Christina Lake residents can call upon a WaterSmart ambassador to help reduce their water consumption this summer.
Abbe Teasdale is working for the Regional District of Kootenay Boundary in several communities, including Christina Lake, where outdoor water accounts for half of total water used.
The community is on normal outdoor water conservation measures at the moment, which allows the use of sprinkler or irrigation systems between 4 and 9 a.m. and 7 and 10 p.m., with even numbered addresses watering on Tuesday/Thursday/Saturday and odd numbered addresses watering Wednesday/Friday/Sunday. Watering on Mondays is not permitted.
In all cases, water restrictions only apply to lawns, trees, shrubs, and flower gardens. Watering fruit and vegetable gardens have no restrictions.
The RDKB says its WaterSmart program aims to combat high seasonal outdoor water use and raise community awareness on how to prevent overwatering in order to achieve 20 per cent reduction in water use.
Free manual and automatic sprinkler system assessments for those on the RDKB’s water service can successfully identify defects and address inefficiencies across local lawns and gardens to help meet these strategic priorities, they said.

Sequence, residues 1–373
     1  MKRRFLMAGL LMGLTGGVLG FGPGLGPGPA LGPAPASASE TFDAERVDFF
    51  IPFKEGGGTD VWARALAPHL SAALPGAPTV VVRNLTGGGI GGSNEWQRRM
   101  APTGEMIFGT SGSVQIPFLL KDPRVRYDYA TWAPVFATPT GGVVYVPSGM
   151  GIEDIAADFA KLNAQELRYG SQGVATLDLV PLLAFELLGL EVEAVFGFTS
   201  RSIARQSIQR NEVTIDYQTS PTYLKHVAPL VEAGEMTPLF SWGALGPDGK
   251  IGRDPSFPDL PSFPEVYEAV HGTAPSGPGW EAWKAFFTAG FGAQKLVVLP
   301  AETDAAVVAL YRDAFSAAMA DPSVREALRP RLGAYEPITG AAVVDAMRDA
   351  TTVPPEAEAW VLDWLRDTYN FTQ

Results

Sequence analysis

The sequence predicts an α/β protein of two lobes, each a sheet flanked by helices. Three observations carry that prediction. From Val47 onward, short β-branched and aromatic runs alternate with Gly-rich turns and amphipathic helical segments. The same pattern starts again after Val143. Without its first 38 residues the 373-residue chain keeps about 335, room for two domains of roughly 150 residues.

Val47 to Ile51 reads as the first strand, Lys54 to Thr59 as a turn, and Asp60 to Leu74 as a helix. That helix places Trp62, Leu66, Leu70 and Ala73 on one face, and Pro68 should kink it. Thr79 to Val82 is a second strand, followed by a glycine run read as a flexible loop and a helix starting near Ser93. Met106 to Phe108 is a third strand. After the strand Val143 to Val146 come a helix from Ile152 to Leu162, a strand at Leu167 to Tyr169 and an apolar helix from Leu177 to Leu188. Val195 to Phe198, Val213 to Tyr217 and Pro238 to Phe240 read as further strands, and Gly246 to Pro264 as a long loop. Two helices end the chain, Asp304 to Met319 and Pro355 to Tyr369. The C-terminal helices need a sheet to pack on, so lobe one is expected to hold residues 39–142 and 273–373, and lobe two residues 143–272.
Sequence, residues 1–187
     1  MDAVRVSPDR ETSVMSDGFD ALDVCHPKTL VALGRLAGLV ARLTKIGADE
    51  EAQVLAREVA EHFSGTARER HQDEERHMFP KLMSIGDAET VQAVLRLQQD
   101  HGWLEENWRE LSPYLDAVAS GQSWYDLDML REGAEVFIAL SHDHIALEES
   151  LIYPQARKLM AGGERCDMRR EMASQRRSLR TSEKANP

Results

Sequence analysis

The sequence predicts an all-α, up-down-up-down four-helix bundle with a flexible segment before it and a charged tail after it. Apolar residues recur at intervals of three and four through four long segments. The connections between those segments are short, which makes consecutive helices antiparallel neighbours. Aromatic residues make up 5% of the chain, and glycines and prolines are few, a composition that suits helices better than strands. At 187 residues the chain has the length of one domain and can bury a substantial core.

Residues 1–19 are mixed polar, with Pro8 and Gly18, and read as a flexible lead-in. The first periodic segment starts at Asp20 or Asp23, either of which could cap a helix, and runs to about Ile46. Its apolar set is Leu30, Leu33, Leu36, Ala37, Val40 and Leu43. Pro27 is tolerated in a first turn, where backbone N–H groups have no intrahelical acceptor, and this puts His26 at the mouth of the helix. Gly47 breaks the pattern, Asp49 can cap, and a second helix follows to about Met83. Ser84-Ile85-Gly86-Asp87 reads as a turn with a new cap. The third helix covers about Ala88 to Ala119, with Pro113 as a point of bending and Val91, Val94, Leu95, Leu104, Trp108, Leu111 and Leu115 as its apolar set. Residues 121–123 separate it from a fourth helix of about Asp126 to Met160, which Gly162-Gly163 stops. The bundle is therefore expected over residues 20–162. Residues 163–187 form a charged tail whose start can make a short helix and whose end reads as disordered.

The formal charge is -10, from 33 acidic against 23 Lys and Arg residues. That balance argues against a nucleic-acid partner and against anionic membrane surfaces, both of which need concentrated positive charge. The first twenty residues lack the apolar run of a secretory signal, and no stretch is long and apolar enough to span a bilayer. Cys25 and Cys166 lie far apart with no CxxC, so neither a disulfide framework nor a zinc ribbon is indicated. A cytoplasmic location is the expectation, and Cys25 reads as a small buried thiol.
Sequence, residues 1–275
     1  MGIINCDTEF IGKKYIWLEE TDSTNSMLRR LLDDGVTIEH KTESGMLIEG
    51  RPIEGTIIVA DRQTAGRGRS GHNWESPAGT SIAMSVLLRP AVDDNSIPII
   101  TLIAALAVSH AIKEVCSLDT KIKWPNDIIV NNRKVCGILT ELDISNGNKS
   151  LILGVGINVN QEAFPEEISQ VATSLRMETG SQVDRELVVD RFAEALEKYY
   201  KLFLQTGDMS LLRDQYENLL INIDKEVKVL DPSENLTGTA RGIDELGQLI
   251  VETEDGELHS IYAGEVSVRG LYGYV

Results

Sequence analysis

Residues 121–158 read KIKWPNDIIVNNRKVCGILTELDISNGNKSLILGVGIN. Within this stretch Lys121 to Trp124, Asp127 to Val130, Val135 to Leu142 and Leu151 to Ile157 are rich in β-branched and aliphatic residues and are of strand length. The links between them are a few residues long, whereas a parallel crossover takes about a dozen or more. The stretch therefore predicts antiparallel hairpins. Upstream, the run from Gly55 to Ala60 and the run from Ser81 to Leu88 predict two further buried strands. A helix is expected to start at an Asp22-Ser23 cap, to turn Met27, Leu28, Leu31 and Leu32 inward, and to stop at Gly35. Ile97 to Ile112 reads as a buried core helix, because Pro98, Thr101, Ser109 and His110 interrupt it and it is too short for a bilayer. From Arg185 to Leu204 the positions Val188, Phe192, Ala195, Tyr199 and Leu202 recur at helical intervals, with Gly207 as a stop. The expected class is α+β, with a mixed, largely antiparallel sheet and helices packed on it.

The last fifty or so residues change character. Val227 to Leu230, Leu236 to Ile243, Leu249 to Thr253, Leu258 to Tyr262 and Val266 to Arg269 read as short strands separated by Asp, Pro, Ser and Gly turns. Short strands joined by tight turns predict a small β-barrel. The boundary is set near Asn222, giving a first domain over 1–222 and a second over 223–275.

Assessments take about an hour and include a yard inspection; an examination of root zone depth, thatch depth, soil type and sun exposure; check for leaky/broken sprinkler heads and pipes; and running the system for a short period and analyzing the distribution of water by sprinklers.
The results will determine how much water a healthy lawn actually needs for a fully customized action report and watering schedule to then be issued.
Free indoor water conservation kits comprising of faucet aerators (kitchen and bathroom) and showerheads designed to effectively reduce water flow are also available to eligible residents.
The RDKB says there are three top things you can do to reduce your water use:
• Water in the early morning or evening, when evaporation from heat and wind is at its lowest. Because it is cooler and calmer, the water has more time to be fully absorbed by the grass roots. Afternoon heat can evaporate up to 30 per cent of the water from sprinklers.
• Don’t overwater. Too much is bad when it comes to watering a lawn in the heat. Overwatering can lead to fungal diseases, weeds, and pests. A lawn only needs an average of one inch (2.5 cm) of water every week.
• Maintain lawn equipment: A dull blade on a lawn mower will tear at the grass, which in turn will cause it to use 40 to 60 per cent more water to recover. Raising the mowing height on the lawn mower is a helpful tip to shade the soil and reduce evaporation.
To schedule a sprinkler system assessment, authorize the watering of new sod/grass seed, order indoor water conservation toolkits and for any other WaterSmart and related landscaping enquiries, call 250-231-5384 or email email@example.com.